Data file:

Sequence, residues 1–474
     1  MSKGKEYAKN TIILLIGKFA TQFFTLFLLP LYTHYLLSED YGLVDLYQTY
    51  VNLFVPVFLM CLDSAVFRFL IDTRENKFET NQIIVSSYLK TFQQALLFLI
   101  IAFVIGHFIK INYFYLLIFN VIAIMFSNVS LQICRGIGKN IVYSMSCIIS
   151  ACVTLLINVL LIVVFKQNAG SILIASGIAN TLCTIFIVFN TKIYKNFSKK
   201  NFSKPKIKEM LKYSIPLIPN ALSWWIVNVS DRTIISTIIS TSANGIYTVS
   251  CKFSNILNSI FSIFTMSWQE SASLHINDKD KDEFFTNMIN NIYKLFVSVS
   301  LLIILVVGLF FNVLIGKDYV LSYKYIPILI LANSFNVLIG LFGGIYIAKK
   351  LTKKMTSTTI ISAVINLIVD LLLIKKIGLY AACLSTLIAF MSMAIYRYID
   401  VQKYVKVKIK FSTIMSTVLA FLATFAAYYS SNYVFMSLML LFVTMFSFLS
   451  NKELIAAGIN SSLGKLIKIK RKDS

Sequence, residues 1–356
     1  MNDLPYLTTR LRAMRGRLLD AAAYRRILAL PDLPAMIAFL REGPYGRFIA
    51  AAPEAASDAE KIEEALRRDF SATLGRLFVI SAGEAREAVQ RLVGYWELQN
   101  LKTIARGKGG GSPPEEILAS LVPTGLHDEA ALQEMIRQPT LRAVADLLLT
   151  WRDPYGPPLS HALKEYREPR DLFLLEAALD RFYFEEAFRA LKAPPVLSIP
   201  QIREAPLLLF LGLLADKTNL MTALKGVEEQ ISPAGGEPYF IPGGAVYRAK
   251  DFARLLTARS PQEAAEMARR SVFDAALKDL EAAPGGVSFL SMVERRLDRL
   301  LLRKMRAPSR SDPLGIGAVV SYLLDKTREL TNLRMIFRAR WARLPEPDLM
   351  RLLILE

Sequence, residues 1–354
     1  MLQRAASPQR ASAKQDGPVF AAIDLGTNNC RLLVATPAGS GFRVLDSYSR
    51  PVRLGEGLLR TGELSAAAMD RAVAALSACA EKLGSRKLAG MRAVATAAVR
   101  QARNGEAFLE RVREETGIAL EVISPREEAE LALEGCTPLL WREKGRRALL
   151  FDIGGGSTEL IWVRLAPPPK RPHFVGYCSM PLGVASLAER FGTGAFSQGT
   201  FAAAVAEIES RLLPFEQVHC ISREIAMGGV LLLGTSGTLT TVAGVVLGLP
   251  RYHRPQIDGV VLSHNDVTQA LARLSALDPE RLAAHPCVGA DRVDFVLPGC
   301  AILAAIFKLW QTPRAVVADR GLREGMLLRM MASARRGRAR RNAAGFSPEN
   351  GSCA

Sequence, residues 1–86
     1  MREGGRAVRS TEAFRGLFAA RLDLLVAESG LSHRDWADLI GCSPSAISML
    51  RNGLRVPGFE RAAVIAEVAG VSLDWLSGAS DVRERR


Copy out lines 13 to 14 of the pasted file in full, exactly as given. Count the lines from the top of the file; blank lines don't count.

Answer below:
     1  MNDLPYLTTR LRAMRGRLLD AAAYRRILAL PDLPAMIAFL REGPYGRFIA
    51  AAPEAASDAE KIEEALRRDF SATLGRLFVI SAGEAREAVQ RLVGYWELQN